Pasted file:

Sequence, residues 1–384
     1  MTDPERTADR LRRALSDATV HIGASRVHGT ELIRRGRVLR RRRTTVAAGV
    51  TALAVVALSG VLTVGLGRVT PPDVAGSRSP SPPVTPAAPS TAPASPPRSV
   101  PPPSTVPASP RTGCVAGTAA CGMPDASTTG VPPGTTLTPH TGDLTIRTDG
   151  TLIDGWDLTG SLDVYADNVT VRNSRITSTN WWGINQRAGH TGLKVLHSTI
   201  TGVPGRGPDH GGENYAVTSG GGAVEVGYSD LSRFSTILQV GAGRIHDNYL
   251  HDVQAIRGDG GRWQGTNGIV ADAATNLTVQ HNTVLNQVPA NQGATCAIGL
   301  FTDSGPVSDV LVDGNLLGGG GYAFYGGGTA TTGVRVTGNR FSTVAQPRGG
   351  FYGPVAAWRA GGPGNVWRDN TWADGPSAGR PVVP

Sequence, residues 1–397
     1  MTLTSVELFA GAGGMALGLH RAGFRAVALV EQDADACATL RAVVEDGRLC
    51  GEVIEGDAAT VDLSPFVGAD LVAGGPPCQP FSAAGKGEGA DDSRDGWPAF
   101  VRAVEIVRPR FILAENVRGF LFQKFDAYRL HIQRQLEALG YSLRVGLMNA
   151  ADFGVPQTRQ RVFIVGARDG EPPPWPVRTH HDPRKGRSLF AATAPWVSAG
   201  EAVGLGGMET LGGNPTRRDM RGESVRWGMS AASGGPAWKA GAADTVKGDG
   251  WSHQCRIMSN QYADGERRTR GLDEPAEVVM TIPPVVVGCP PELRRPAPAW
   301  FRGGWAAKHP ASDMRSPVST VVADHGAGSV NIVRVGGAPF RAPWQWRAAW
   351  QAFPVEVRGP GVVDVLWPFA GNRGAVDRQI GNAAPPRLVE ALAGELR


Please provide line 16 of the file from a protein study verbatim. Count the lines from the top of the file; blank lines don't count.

   251  WSHQCRIMSN QYADGERRTR GLDEPAEVVM TIPPVVVGCP PELRRPAPAW